Such aims are achieved via a sophisticated system that includes lists of taboo topics issued to private enterprises by government bodies like the Information Office of Beijing. If internet service providers (ISPs) or websites fail to comply with authorities’ orders, they are subjected to fines, have their servers confiscated by police, and can have their businesses licenses revoked by the authorities.

In this pseudo-commercial environment a news company’s success or failure rests on its ability to meet government censorship demands, rather than on the quality of its products or services. In the current economic climate, the vulnerability of private enterprises is likely to grow. As their profit margins shrink, so too does their ability to withstand political pressure.

It is disturbing that such a creeping commercialization of censorship is taking hold in China, home to the world’s largest population of Internet users in the world—300 million and counting. More ominously, Beijing’s controlling approach to media, particularly of the internet, appears to be gaining traction beyond China’s borders. In December 2008, Vietnam’s government issued regulations holding ISPs responsible for ensuring that blogs they host do not include content deemed “undesirable.” Cambodia’s Ministry of Information is reportedly preparing a law that would extend traditional media controls to audio-visual online content, a regulatory path similar to that of its counterpart further up the Mekong. China is already believed to share censorship technology and know-how with a number of governments in the region.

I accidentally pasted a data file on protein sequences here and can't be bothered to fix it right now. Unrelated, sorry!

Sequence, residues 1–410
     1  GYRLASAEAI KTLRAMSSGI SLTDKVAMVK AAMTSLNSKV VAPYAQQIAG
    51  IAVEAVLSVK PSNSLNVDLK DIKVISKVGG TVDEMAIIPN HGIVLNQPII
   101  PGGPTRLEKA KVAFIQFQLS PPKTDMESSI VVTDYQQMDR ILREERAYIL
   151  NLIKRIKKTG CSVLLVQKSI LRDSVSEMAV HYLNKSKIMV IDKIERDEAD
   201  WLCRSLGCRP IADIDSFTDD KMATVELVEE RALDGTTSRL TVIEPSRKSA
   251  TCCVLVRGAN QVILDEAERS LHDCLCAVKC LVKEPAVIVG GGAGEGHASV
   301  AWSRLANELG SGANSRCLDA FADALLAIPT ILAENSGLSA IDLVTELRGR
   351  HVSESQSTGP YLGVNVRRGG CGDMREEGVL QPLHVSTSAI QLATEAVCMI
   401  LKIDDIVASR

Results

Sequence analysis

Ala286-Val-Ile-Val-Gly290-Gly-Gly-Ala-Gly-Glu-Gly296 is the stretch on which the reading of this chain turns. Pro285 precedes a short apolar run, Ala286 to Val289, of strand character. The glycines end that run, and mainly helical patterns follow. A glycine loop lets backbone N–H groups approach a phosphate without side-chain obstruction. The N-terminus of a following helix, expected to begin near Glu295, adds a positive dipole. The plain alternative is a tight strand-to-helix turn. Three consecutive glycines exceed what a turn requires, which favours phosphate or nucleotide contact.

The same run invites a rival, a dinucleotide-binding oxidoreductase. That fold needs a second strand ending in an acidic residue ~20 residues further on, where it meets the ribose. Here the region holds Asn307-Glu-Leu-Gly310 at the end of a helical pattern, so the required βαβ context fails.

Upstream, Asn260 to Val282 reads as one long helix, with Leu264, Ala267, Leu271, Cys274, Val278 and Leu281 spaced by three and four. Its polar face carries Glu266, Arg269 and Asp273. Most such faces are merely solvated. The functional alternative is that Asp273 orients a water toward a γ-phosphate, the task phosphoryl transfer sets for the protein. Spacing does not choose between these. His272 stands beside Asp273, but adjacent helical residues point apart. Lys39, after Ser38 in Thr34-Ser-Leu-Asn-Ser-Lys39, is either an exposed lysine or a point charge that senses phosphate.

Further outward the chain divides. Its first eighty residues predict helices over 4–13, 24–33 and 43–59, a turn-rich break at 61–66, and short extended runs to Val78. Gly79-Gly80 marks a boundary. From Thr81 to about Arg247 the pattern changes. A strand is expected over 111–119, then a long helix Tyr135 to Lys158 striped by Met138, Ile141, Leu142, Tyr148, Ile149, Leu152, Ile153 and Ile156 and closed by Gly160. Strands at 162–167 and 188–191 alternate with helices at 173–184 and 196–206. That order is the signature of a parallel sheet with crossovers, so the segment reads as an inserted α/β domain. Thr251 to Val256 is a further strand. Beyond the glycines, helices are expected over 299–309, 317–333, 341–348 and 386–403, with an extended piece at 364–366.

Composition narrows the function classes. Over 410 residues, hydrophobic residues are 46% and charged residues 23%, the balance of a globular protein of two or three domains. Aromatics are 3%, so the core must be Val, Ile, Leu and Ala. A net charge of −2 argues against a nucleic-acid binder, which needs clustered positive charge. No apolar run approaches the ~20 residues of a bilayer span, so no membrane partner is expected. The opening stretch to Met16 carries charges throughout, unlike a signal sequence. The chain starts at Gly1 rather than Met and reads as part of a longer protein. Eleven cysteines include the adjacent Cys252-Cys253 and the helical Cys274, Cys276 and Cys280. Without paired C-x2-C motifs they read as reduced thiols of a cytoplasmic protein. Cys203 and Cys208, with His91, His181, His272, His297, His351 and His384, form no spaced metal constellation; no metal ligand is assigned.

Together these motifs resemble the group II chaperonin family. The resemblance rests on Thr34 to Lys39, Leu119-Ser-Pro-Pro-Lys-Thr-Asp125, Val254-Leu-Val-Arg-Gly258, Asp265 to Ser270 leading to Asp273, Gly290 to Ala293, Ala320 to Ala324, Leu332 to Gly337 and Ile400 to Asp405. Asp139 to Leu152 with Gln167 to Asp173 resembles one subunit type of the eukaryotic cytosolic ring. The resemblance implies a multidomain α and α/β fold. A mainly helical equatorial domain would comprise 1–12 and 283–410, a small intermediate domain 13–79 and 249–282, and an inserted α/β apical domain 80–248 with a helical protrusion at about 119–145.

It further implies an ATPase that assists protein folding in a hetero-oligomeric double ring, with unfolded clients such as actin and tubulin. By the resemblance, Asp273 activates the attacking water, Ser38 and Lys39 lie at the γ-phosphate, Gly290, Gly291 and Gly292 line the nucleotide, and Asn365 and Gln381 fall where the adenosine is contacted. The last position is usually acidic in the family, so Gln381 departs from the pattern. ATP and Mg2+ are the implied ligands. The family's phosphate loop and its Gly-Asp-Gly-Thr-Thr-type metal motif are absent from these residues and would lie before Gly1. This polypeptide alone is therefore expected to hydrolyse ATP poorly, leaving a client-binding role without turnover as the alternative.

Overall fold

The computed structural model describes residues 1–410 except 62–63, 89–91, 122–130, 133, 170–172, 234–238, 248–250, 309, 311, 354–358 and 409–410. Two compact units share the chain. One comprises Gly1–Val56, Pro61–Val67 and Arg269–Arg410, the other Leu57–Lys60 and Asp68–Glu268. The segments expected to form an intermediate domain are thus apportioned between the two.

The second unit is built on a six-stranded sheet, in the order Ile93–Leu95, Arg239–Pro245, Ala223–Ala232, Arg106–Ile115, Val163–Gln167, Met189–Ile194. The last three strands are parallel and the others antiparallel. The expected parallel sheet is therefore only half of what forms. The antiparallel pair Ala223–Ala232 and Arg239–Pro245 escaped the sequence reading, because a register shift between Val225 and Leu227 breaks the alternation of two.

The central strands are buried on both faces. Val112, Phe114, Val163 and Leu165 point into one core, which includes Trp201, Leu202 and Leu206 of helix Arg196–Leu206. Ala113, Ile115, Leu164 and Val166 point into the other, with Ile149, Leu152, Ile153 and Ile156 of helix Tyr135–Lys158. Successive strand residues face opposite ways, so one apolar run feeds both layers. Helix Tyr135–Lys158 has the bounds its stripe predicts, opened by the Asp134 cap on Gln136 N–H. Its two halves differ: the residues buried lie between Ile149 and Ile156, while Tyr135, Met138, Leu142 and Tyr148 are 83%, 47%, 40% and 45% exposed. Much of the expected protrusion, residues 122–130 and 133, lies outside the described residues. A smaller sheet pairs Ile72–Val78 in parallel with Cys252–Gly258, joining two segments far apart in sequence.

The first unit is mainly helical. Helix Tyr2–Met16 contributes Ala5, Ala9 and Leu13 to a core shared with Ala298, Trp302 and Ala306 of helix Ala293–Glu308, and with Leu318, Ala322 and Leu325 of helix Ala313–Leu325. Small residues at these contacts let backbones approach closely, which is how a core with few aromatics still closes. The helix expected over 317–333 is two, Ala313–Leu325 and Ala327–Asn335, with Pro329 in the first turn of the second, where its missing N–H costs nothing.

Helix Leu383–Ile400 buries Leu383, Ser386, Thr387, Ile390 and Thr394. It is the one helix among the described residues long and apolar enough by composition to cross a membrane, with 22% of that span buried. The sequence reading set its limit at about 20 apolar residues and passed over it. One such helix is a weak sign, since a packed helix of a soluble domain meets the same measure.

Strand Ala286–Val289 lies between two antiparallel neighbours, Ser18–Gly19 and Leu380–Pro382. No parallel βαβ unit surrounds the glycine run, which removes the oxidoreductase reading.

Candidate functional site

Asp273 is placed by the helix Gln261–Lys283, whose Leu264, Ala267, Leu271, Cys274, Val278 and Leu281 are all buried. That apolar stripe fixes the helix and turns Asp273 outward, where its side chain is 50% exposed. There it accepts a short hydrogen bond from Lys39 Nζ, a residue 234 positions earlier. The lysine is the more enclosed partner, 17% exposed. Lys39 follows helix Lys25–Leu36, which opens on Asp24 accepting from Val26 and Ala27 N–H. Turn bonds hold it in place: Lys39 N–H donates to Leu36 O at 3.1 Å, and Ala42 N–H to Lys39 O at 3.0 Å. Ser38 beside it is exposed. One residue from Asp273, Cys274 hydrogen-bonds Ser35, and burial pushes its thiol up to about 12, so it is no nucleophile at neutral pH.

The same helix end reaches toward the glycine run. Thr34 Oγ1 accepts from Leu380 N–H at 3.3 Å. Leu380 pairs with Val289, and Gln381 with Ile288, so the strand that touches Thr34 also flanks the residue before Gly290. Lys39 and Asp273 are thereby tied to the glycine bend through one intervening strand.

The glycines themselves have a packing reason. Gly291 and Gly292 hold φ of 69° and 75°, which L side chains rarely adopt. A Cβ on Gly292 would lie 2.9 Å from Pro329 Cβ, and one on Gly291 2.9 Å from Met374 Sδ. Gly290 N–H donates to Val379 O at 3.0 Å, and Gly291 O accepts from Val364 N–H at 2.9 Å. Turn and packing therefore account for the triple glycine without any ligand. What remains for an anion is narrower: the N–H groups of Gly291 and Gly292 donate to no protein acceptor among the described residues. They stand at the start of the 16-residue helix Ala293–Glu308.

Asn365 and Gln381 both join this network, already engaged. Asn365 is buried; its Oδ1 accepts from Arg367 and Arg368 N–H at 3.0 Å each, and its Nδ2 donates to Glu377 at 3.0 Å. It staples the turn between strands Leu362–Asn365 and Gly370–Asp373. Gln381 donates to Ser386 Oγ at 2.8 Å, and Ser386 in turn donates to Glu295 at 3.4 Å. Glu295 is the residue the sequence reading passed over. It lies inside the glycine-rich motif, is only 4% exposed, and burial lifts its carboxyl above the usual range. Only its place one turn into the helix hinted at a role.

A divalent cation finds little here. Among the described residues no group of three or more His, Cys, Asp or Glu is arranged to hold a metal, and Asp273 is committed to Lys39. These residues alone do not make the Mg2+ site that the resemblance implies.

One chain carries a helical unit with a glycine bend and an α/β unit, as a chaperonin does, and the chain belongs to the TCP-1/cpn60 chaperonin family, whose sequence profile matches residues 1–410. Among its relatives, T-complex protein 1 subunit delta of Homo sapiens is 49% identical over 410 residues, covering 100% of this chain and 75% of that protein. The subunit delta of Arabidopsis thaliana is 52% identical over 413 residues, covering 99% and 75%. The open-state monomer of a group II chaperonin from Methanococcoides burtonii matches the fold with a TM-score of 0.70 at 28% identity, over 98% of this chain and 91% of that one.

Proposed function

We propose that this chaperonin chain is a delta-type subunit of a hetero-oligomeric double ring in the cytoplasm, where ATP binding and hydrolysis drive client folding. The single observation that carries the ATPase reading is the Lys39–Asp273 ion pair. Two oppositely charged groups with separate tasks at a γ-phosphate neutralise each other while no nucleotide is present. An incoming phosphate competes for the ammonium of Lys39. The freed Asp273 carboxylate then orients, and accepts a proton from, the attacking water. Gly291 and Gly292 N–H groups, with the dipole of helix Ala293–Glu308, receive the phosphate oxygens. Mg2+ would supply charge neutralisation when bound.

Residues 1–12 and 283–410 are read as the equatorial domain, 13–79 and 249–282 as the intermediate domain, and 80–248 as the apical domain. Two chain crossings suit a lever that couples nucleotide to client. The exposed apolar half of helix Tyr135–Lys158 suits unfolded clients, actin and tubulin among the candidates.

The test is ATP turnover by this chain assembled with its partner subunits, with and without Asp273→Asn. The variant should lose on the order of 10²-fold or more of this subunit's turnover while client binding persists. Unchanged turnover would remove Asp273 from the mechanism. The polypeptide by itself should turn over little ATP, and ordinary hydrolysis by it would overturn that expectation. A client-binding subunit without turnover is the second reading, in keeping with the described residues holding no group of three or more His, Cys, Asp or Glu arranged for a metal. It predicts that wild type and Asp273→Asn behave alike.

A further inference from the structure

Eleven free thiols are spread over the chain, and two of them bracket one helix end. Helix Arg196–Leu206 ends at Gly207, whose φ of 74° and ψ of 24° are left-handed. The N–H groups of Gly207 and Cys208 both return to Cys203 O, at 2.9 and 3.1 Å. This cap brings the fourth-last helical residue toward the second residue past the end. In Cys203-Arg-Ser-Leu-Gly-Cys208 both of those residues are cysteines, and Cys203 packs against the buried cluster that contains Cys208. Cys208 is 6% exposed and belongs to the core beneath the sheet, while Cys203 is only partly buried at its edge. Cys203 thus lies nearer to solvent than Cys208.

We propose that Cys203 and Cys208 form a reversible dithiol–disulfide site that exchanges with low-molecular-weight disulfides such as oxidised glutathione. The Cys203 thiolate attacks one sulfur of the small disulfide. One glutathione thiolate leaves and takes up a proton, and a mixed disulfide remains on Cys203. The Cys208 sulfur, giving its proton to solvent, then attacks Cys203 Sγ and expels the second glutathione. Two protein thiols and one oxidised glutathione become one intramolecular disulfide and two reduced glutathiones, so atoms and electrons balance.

At a time when the democratic idea is being directly challenged in Asia, the “first freedom” represents a critical proxy in a larger values battle.  Should the CCP gambit succeed, it would be gravely detrimental to the interests of the Chinese people. But to the extent the values of CCP-managed media set the standard for emerging media markets elsewhere in Asia, the stakes become considerably higher.

Christopher Walker is director of studies and Sarah Cook is an Asia researcher at Freedom House. The organization’s annual global survey of press freedom was released on May 1, in advance of World Press Freedom Day on May 3.

posted on Far Eastern Economic Review, May 2, 2009